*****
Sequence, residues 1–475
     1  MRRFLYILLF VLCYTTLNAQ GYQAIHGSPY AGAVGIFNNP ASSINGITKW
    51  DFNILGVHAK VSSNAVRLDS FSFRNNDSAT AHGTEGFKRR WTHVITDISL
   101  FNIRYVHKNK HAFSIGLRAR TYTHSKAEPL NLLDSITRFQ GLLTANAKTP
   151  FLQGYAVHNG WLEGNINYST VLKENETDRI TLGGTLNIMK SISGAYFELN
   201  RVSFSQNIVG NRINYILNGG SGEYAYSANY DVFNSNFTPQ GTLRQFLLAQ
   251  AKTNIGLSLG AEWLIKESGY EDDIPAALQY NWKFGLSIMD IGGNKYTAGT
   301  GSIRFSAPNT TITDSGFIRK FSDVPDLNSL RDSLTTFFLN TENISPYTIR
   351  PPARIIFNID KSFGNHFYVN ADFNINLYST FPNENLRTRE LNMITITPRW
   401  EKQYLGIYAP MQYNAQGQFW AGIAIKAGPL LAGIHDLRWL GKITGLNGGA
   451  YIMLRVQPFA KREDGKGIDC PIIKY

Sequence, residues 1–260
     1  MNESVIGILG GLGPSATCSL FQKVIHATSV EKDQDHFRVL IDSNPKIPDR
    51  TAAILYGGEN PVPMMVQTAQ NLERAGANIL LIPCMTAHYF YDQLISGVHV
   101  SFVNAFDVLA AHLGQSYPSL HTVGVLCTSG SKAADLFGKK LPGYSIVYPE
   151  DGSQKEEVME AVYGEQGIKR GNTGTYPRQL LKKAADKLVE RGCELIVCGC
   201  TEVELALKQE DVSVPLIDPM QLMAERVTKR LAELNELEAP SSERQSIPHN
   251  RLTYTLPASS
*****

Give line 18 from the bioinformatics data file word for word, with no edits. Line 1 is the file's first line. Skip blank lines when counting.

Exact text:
   251  RLTYTLPASS